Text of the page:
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Baleen Whales Host a Unique Gut Microbiome With Similarities to Both Carnivores and Herbivores

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Baleen Whales Host a Unique Gut Microbiome With Similarities to Both Carnivores and Herbivores

Jon G Sanders et al. Nat Commun.

Abstract

Mammals host gut microbiomes of immense physiological consequence, but the determinants of diversity in these communities remain poorly understood. Diet appears to be the dominant factor, but host phylogeny also seems to be an important, if unpredictable, correlate. Here we show that baleen whales, which prey on animals (fish and crustaceans), harbor unique gut microbiomes with surprising parallels in functional capacity and higher level taxonomy to those of terrestrial herbivores. These similarities likely reflect a shared role for fermentative metabolisms despite a shift in primary carbon sources from plant-derived to animal-derived polysaccharides, such as chitin. In contrast, protein catabolism and essential amino acid synthesis pathways in baleen whale microbiomes more closely resemble those of terrestrial carnivores. Our results demonstrate that functional attributes of the microbiome can vary independently even given an animal-derived diet, illustrating how diet and evolutionary history combine to shape microbial diversity in the mammalian gut.

Figures

Figure 1
Figure 1. Baleen whales host a distinct microbiota.
(a) Taxonomic composition of 16S rRNA amplicon sequences in cetaceans and terrestrial mammals. (b) PCoA ordination of unweighted UniFrac distances among mammalian gut microbiota. Note that despite similarity at higher taxonomic levels between the microbiota of baleen whales and those of terrestrial herbivores (a), baleen whales' microbiota are quite distinct from those of all sampled terrestrial mammal microbiota when considering individual OTUs (b) (i.e. reads with 97% similarity).
Figure 2
Figure 2. The functional compositions of baleen whale microbiomes show similarity to those of both terrestrial herbivores and carnivores.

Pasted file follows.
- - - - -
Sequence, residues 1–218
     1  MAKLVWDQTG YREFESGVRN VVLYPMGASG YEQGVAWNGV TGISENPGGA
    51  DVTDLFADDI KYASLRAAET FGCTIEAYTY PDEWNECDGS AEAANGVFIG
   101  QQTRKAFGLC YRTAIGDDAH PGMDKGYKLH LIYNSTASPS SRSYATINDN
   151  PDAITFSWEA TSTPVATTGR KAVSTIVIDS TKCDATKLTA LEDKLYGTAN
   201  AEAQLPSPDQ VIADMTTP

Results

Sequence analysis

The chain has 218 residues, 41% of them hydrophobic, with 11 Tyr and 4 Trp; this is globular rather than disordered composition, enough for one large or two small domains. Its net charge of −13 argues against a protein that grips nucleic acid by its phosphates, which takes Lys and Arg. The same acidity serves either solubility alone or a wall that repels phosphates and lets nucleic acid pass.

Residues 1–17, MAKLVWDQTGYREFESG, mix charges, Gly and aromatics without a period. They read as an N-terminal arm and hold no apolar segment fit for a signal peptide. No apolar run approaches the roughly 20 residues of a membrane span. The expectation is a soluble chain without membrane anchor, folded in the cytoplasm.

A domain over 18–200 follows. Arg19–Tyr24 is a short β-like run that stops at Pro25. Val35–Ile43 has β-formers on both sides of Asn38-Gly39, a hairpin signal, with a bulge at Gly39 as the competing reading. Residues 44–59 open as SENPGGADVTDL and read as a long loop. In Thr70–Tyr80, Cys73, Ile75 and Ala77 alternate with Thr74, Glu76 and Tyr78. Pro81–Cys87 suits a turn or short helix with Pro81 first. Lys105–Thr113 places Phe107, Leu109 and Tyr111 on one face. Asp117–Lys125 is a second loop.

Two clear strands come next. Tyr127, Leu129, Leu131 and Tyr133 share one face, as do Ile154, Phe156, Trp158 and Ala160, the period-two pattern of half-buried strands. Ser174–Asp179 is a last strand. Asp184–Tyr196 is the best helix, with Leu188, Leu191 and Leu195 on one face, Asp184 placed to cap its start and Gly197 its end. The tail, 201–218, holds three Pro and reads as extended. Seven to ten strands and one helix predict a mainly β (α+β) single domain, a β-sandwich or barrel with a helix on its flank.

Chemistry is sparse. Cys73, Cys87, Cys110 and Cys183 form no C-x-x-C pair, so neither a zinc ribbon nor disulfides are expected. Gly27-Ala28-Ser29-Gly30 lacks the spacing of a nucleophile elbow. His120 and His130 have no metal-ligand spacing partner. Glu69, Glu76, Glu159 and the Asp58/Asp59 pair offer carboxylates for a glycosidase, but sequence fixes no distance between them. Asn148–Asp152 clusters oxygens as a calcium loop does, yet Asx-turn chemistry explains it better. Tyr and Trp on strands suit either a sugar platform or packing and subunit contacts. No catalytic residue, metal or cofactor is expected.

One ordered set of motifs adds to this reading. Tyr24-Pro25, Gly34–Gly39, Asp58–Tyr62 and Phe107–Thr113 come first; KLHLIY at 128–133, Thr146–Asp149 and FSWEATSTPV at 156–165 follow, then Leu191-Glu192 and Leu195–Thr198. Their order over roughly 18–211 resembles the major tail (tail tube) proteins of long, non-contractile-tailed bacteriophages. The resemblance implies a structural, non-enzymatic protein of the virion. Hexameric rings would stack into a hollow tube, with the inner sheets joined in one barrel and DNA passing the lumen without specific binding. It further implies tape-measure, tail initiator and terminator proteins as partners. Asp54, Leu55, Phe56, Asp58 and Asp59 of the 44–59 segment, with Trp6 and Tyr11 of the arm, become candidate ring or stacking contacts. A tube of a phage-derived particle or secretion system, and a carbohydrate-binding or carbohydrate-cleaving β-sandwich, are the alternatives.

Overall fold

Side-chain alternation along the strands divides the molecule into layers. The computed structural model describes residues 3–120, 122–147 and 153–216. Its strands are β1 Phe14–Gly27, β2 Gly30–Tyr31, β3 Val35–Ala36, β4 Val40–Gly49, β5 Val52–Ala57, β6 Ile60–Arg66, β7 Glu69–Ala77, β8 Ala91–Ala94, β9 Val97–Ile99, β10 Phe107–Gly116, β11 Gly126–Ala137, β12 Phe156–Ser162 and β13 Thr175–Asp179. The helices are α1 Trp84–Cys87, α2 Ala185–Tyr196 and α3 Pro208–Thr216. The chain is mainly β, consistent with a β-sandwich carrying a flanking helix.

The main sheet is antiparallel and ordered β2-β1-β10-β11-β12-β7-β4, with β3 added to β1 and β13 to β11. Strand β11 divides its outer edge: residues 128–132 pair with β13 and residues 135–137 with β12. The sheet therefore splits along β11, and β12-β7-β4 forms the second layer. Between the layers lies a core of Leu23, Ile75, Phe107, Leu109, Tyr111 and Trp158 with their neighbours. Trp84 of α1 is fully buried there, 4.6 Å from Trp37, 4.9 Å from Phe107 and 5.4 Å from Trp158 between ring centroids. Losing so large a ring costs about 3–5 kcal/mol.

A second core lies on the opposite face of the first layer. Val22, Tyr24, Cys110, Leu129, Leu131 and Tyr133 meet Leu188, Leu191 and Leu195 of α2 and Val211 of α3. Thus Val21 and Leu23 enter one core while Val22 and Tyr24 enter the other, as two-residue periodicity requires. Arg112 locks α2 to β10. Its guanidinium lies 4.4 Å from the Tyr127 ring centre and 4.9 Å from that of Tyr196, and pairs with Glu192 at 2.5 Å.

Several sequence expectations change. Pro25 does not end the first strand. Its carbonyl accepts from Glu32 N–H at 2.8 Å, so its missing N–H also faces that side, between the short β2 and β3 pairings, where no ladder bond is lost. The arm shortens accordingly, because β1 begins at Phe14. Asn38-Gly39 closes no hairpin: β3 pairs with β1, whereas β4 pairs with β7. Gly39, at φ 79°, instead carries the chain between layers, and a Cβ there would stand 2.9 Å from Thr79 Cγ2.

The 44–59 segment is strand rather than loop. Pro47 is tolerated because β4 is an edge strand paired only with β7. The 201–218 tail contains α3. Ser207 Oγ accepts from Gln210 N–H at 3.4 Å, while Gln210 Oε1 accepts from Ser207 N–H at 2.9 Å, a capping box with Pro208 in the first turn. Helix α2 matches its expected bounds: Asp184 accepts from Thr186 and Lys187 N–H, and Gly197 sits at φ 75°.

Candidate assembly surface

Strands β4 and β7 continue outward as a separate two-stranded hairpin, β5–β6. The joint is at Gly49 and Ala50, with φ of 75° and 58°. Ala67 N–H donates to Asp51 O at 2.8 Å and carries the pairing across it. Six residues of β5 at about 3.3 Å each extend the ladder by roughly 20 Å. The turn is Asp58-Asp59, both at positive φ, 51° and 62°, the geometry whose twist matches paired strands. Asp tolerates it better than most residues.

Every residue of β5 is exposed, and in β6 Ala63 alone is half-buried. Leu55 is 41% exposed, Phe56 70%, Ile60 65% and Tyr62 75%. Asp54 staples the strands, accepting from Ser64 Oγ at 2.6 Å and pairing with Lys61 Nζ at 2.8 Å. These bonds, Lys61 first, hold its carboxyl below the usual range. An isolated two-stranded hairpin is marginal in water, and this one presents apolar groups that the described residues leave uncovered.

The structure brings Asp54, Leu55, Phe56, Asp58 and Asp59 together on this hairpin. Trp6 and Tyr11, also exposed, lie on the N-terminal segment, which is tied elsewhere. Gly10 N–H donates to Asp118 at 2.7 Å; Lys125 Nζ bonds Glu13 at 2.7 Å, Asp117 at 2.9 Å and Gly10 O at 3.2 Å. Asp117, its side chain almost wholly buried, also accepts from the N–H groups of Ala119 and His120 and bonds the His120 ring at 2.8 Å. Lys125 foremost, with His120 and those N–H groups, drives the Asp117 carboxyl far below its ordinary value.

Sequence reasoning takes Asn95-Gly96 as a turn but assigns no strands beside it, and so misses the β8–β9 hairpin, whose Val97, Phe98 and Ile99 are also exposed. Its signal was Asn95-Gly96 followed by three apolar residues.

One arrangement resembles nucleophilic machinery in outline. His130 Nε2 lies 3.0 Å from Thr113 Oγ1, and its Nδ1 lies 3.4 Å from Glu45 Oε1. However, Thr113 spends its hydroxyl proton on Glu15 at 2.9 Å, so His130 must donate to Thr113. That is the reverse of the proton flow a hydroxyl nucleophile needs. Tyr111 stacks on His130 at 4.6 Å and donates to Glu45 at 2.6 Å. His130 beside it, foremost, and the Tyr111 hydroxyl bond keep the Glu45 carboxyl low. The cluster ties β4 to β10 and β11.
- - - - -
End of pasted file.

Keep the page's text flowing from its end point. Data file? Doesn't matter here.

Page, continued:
Principal components analysis ordinations of predicted metagenomic functional potential show baleen whales microbiomes are distinct from those of terrestrial mammals when considering all pathways (a) or pathways involved in carbohydrate metabolism (e). Pathways involved in energy (b) and lipid (c) metabolism are more similar to those of terrestrial herbivores, and pathways involved in the synthesis of essential amino acids (d) are more similar to those of terrestrial carnivores. Sub-pathways previously shown to separate herbivore and carnivore metagenomes show a similar split, with baleen whale metagenomes showing a pattern of enrichment similar to herbivores in central pyruvate metabolism (f) and to carnivores in glutamate metabolism (g). Distributions of normalized abundances are shown as box plots for each gene, coloured according to dietary category (green=herbivore, red=carnivore, purple=omnivore, blue=whale). Box plot whiskers extend to 1.5 times the interquartile range. Genes relatively enriched in terrestrial herbivores and carnivores in the analysis of data from ref. have headers coloured green and red, respectively. Those enriched in whale microbiomes are outlined in blue, and the proposed direction of metabolite flux for each dietary category given as coloured arrows between metabolites.
Figure 3
Figure 3. The composition of CAZymes in baleen whale microbiomes is distinct and enriched in genes predicted to have activity on chitin.
(a) UPGMA-clustering dendrogram of CAZyme abundances. Dietary compositions are indicated by tip label colour. (b) Box plots showing distribution in normalized abundance of the five most abundant chitin-related CAZymes significantly enriched in baleen whale relative to terrestrial microbiomes. Note that CBM5 and CBM37 are binding domains rather than enzymes and CBM37 has activity against a broad spectrum of polysaccharides in addition to chitin.

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